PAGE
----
A Death Lodge is a native tradition in which a person consciously goes out alone into the wilderness in order to lay-down some established aspect of their life that no longer serves them. This aspect is released; it receives a ritual death. In sacred terms, this is a 'dying before you die' and is one of many deaths that we must necessarily experience in life before our eventual physical, bodily death. The Death Lodge is a way of spending an intense period of time reviewing and fully experiencing all that this element has meant before it is laid-down in a symbolic ritual of dying, release and opening into whatever is to arise next in the void that follows the death.

I took myself off to a Death Lodge in May 2012 to mark my imminent retirement from a professional career and working life of over 38 years. I wanted to not only let go of my working life - something that I had been toying with for over ten years - but perhaps more importantly, I wanted to release myself from so many of the patterns and behaviours that had arisen and taken hold throughout this career. This particular Death Lodge was guided by Dave Bingham and facilitated for a small group of men over four days in a remote highland glen in Scotland.

During the first day we prepared ourselves for the solo wilderness experience. In an opening ritual, we picked up a stone that for me represented the burden that I had come to lay down; a stone that was to be carried at all times before and during the experience, until it was finally released in the laying-down ritual. On the second day, we each set out in the wilderness of this remote glen to find our spot for 40 hours of solo wilderness camping and contemplation, without food.

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The weather throughout the solo camp was unusually cold with night-time temperatures down the freezing, and day-time temperatures rising to no more than around 7 degrees with a northerly wind adding a wind-chill factor. Without food, and being relatively immobile in a contemplative state, these conditions proved challenging and added to the seriousness of the experience. At the same time, I was very conscious of the presence of both life and death in the natural environment all around me: a dead sheep; old pine cones; fallen trees; a new-born lamb; leaf-shoots; birds of prey; ancient crofts and enclosures; falling and melting snow.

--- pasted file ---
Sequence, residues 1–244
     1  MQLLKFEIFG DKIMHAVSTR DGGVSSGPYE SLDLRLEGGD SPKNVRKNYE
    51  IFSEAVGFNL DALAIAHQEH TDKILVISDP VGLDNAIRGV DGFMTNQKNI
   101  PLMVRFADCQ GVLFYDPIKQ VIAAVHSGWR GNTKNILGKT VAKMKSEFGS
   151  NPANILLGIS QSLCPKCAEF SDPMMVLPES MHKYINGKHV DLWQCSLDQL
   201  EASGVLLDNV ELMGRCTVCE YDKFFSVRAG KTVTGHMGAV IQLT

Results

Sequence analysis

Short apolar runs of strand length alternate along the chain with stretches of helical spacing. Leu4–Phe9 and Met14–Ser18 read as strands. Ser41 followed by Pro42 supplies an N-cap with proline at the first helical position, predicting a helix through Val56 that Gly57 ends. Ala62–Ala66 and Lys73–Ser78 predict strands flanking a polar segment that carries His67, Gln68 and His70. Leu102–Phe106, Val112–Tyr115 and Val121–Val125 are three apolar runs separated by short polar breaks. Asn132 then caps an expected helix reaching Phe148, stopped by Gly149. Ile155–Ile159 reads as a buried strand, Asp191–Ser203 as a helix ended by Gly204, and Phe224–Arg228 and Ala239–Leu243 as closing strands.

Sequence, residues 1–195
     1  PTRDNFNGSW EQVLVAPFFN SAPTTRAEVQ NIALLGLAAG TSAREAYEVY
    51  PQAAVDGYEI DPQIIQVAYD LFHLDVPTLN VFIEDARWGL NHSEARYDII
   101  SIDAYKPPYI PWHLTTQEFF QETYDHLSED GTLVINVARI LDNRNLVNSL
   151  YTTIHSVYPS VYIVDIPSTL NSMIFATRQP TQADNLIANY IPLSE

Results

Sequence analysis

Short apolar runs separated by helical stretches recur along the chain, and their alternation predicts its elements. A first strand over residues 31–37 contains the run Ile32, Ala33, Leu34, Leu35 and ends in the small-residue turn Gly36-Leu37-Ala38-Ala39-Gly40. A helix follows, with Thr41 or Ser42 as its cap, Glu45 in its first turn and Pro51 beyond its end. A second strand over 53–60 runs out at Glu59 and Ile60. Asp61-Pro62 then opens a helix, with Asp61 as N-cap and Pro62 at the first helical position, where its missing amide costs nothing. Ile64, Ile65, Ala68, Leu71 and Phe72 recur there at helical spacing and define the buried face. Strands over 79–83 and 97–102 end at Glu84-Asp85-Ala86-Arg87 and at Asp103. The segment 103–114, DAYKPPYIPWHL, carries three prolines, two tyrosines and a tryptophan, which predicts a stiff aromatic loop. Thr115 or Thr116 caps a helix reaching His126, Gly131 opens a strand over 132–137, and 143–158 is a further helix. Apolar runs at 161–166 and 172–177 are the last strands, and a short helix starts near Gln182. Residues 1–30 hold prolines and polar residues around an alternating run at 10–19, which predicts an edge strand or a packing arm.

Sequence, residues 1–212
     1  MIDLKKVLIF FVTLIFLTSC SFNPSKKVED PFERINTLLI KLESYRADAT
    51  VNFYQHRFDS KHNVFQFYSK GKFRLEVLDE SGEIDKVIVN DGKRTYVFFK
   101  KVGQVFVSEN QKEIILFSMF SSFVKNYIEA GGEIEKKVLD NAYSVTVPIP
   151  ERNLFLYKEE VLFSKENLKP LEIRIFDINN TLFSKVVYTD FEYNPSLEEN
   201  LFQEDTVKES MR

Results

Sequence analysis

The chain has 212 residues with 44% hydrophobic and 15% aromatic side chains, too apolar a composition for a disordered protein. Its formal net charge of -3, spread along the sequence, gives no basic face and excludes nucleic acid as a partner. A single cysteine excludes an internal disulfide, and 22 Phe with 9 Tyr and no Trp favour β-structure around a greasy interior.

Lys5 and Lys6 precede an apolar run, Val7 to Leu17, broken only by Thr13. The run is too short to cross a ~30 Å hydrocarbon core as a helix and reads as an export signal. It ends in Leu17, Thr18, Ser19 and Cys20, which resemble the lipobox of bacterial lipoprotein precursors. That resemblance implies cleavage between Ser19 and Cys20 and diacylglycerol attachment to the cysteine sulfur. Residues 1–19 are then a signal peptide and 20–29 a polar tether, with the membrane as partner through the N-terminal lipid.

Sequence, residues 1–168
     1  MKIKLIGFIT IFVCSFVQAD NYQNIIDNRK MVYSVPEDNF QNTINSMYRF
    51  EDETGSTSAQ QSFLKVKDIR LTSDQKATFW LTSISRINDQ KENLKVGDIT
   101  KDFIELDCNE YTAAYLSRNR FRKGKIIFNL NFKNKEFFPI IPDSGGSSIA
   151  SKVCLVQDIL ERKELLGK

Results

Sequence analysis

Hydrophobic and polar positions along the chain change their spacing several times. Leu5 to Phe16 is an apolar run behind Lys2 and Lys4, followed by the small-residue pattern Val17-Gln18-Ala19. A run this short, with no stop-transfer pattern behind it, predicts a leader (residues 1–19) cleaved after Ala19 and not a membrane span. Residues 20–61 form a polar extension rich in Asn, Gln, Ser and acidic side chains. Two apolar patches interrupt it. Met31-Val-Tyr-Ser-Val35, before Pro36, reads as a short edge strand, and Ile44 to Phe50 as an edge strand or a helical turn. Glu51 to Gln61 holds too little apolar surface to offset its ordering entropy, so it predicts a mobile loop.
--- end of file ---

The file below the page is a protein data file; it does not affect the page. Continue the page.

For the first day, I gave my attention to a thorough review of my professional career: the different jobs I had undertaken; the various employers; the range of roles; the qualifications gained; the status that work had given me at different times. My working life has been very varied. I explored each of the main projects, their successes and failures. Of equal significance was the focus on jobs and roles that I might have taken - either if they had been offered to me, or if I had been successful in my applications. I wanted to sit with the regrets about work - both the things done and the things undone - as well as an awareness of what might have been, if other circumstances and decisions had prevailed.

I've always felt confident and fulfilled by my work, but I wanted to explore the motivations and drivers that had underpinned each of the different roles. I asked myself questions about what had really led me to take each role, and what had kept me in that role, sometimes beyond the point when I wanted to stay. This led to a 'ranking' of all the work roles in terms of how much satisfaction they had really given me at a deeper, soul, level. I found some uncomfortable truths here around money, security, status and earning, that I had been aware of but were more pervasive than I had previously realised. It was the deeper level patterns and behaviours that had arisen through work and had come to be so influential in my way of life that I wanted to reach.  Some jobs and roles revealed themselves to be in complete and natural integrity with my inner life; others I discovered to have shadow layers that were now seen to be less healthy and less genuine that I had realised (ignored?) at the time. They included saving, possession, driven-ness, and delayed gratification. It was deeply uncomfortable and yet satisfying to reveal and sit with all these aspects of my life.  Each such role, achievement, regret, attitude, and aspect found its way onto a card and into a piggy-bank for use in the main ritual.

After a full day in the wilderness, I got ready for my self-devised death lodge ritual. On the bank of the river I created a ritual site, with a clear intention to lay-down, release and move on. I opened the piggy-bank and cast all the little cards into the flowing river to be carried away and dispersed. I laid the piggy-bank itself on the ground and smashed it open with the largest stone I could lift, symbolising the breaking of the old patterns. The remains of the piggy-bank were then burned and destroyed in a small fire. Finally, the stone that I had carried for so long was hurled with some force into the depths of the river, from which it had originally come. This was the laying down and the death of my professional career.

The rest of my 40 hours in the wilderness was easier without the burden. I could be still again in the awareness of both Nature and my own Presence. The cycle of life and death continued all around me. I began the opening into the void that follows any death. There is no need to plan and create, for what follows will emerge when it's ready. I have a sense of freedom, spontaneity, generosity, recklessness and presence. It has been a 'good death'.